The Michigan Supreme Court signaled Friday that there will be no summer decision in a high-stakes dispute over whether people convicted of crimes can be ordered to pay to keep the lights on and cover other operating costs in local courts.
The court heard arguments in April and subsequently asked the parties to file more briefs addressing certain issues.
The law, which raises millions of dollars each year, expires Oct. 1, though there’s a bill in the Legislature to extend it until fall 2025.
In its latest order, the Supreme Court said it will hear more arguments on three points in the months ahead, including whether judges assessing costs creates a potential for bias.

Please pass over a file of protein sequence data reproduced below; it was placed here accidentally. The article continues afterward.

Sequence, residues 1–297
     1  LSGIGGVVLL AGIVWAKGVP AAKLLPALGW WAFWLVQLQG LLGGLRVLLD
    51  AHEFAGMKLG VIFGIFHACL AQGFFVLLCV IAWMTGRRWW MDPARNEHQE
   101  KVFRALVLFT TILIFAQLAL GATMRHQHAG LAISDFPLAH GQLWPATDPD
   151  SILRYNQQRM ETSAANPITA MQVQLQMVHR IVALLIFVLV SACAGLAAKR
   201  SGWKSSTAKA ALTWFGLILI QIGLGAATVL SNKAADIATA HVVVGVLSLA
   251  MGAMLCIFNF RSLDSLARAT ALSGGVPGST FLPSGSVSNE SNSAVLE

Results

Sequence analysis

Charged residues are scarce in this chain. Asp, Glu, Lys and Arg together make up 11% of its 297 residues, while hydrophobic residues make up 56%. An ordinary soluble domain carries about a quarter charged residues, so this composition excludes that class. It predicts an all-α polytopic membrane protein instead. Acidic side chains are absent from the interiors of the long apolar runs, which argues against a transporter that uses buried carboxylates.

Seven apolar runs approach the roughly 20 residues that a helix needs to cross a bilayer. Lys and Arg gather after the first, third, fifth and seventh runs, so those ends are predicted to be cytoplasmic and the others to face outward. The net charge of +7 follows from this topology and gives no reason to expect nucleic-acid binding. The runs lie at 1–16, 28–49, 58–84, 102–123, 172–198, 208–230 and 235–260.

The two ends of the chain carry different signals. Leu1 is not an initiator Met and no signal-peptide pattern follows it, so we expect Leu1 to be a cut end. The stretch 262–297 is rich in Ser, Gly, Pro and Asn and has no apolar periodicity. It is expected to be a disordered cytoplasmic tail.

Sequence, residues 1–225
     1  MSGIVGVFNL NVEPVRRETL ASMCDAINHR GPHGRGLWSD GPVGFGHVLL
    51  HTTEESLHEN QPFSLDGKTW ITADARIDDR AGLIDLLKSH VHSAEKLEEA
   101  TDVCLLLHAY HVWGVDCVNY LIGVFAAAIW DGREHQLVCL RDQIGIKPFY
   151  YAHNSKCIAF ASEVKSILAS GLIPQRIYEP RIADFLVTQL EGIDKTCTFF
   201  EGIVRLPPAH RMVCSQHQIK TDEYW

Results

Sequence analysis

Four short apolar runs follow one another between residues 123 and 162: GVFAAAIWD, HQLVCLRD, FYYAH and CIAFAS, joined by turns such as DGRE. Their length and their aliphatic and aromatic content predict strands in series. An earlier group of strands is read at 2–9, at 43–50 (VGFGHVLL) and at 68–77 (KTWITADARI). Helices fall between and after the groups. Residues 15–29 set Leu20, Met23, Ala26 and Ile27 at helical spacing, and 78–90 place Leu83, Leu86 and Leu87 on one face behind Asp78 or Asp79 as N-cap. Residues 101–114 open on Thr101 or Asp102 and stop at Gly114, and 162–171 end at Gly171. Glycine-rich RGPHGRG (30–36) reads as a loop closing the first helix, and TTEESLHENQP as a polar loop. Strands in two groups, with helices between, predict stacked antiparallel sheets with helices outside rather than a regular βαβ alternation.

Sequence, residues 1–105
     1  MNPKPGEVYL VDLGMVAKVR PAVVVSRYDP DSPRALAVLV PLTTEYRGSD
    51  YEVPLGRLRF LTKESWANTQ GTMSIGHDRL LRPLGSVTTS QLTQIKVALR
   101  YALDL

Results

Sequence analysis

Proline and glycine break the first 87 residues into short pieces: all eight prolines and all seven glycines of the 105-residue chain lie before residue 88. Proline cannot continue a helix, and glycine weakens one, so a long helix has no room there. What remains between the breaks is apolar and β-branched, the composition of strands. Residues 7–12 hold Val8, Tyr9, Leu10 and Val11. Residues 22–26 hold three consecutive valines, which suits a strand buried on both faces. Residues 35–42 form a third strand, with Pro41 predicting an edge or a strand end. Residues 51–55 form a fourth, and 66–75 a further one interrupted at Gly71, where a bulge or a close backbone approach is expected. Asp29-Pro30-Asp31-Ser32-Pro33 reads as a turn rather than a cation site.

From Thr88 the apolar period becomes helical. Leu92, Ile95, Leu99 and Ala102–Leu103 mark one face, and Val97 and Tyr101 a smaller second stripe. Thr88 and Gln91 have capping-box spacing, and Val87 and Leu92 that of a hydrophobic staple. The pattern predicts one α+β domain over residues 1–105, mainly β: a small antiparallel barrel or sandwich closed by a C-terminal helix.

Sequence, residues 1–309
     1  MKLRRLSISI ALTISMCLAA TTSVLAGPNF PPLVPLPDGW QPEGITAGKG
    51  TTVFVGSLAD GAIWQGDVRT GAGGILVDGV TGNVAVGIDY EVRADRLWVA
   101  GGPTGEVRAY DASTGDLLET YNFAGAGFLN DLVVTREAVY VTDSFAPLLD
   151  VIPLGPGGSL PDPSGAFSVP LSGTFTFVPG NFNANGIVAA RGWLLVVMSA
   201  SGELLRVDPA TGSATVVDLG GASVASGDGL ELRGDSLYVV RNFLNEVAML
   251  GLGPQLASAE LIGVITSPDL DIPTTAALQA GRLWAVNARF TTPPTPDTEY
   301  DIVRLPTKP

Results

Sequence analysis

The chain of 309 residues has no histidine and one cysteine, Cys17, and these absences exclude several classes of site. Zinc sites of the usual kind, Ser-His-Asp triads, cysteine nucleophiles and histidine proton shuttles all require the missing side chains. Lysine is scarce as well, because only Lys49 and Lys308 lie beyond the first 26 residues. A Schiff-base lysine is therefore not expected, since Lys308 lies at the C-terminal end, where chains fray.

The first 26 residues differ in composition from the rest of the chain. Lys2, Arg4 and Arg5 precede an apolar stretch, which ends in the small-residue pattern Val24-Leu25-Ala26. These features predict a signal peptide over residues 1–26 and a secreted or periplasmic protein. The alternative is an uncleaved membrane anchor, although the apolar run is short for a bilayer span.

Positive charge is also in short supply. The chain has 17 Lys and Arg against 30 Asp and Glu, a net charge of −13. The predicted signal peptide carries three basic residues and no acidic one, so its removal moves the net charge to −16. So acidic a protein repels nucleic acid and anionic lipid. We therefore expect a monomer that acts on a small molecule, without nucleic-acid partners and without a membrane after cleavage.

Critics argue that it’s unconstitutional for a judge to oversee a criminal case and also have power to order someone to pay a share of keeping the building clean and office supplies stocked.
"The simple fact is that courts are not a private enterprise. Criminal defendants are not a special class of citizens upon whom the expenses of state government should be levied," said the Detroit Justice Center, which represents low-income Detroit residents.
The money goes to a court’s local government, but only people convicted of crimes must pay, not others who use the courts. Nothing is deducted from the budget of prosecutors who lose cases.
From 2018 through 2020, courts collected $108 million statewide, 75% of it in District Courts, which handle traffic tickets, drunken driving cases and other misdemeanors mostly committed by people who can least afford to pay.
Costs can vary by community. Some judges don’t order them.